April 26 (UPI) -- Scientists have uncovered more evidence linking fracking to earthquakes, this time in the central and eastern United States.
At the 2019 Seismological Society of America meeting, held this week in Seattle, researchers detailed the connection between hydraulic fracturing wells and some 600 earthquakes in Ohio, Pennsylvania, West Virginia, Oklahoma and Texas.
Previous studies have detailed the link between oil and gas operations and earthquakes in Oklahoma, Canada and China. But these studies have mostly focused on the connection between wastewater disposal and seismic activity.
Hydraulic fracturing involves the injection of high-pressure fluids deep into rock, most commonly shale, in order to trigger the release of oil and gas trapped between the rock layers. Often, wastewater left over from the activity is treated and then injected back into the ground. The layers from which oil and gas are extracted are wetter in places like Oklahoma, resulting in larger quantities of wastewater and a greater need for disposal efforts.
In states like Ohio, Pennsylvania and West Virginia, hydraulic fracturing wells are more common than wastewater injections. Wells in Appalachia have become increasingly common over the last decade.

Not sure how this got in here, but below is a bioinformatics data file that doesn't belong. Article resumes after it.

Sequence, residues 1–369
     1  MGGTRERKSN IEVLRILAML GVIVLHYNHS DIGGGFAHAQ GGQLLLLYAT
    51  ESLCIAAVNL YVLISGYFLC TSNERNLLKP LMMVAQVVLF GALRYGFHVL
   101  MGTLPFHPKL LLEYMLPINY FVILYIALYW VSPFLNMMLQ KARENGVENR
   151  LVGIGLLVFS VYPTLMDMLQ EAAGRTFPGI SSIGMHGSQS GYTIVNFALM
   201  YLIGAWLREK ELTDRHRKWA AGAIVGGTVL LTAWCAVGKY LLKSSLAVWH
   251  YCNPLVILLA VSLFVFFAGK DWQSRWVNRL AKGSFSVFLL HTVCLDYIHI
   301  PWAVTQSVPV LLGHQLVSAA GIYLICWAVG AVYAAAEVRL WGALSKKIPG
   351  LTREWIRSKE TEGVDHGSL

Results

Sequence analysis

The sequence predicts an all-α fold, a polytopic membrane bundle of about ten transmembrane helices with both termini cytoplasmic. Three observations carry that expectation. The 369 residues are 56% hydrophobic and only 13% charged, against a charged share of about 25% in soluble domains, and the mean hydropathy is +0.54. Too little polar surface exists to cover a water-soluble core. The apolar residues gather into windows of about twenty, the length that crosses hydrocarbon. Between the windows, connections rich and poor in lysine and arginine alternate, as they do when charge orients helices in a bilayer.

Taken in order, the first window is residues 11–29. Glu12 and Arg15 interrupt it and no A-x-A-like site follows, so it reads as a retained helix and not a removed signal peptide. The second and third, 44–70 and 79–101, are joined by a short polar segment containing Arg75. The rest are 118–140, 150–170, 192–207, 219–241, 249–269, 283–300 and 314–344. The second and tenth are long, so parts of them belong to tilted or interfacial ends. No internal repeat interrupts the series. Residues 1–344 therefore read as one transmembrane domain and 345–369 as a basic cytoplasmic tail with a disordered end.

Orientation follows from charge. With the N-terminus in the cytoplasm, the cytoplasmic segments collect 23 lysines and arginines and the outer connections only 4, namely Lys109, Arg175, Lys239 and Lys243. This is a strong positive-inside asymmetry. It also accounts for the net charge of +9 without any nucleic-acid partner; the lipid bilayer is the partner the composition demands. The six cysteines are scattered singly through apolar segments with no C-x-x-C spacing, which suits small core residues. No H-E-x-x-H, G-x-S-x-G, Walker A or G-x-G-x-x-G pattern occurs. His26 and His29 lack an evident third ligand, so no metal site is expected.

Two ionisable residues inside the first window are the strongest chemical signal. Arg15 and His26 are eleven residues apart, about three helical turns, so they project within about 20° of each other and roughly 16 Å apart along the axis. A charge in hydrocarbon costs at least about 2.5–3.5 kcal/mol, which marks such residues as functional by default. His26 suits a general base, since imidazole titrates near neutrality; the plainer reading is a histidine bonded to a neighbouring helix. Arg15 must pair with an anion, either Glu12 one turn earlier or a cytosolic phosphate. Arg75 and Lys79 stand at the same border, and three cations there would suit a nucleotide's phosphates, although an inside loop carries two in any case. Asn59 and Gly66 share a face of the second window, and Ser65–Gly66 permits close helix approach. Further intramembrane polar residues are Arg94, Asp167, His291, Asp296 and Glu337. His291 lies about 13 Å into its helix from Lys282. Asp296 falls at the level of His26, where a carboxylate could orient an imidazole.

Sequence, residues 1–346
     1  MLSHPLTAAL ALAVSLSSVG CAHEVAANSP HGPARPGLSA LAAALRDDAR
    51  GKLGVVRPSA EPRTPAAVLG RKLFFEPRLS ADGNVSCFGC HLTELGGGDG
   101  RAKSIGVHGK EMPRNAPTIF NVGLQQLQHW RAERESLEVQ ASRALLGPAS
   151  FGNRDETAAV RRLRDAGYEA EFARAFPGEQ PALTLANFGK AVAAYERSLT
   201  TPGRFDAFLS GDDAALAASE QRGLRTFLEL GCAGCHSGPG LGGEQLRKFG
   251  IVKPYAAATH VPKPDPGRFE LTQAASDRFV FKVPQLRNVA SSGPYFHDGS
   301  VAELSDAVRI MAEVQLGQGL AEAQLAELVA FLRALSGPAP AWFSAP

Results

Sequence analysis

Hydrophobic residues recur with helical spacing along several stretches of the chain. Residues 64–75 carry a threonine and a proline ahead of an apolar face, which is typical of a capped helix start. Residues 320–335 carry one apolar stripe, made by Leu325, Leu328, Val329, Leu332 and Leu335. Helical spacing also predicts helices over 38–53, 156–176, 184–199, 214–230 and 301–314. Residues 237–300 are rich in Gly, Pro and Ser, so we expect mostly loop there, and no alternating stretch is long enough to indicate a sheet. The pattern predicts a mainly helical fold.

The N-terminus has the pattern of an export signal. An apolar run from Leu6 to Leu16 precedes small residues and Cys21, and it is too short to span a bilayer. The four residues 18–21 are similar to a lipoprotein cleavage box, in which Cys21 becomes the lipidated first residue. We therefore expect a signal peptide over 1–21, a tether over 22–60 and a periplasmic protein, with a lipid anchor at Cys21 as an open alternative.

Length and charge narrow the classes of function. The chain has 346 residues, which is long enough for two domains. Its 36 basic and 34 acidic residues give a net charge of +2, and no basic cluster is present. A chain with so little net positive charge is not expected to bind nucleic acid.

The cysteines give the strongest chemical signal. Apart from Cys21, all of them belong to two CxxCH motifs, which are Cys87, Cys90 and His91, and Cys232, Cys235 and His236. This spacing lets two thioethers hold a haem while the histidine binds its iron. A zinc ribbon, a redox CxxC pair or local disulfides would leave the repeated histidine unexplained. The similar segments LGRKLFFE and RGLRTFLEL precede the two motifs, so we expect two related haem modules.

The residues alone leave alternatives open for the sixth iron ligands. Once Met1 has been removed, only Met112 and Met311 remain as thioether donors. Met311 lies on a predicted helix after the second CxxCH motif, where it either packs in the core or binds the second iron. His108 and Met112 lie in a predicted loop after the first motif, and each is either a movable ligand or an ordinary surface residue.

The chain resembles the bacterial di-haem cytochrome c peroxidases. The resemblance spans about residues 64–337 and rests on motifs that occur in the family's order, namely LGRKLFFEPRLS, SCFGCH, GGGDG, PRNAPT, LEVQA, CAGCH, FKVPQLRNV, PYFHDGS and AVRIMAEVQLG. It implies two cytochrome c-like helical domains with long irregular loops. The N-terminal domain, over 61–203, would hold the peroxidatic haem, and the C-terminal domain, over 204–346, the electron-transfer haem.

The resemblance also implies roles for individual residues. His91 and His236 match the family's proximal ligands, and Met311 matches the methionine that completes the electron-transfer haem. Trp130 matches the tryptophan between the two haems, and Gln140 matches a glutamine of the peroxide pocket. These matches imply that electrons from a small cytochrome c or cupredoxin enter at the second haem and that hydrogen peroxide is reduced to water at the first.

"The wells are more widely spaced when they're active, and there isn't as much wastewater disposal going on," Michael Brudzinski of Miami University in Ohio said in a news release. "So you can see a bit more specifically and directly when wastewater disposal is generating seismicity and when hydraulic fracturing is generating seismicity in the Appalachian Basin."
Brudzinski and his colleagues used a method called multi-station template matching to scan seismic records for the signature of small, shallow quakes. They compared the timing of the seismic signatures with the schedule of regional fracking well operations.
"The [fracking] seismic signature when you look at it in a sort of timeline shows these bursts of seismicity, hundreds or sometimes thousands of events over a couple of days or weeks, and then it's quiet again. You don't tend to see that pattern with wastewater disposal," Brudzinski said.
The research team is currently studying the relationship between different fracking variables -- the type of solution injected into rocks, the depth of the targeted rock layers -- and the risk of an earthquake.
"The one that has stuck out to us the most is that the depth of the well is more tied to likelihood of seismicity than we expected," Brudzinski said.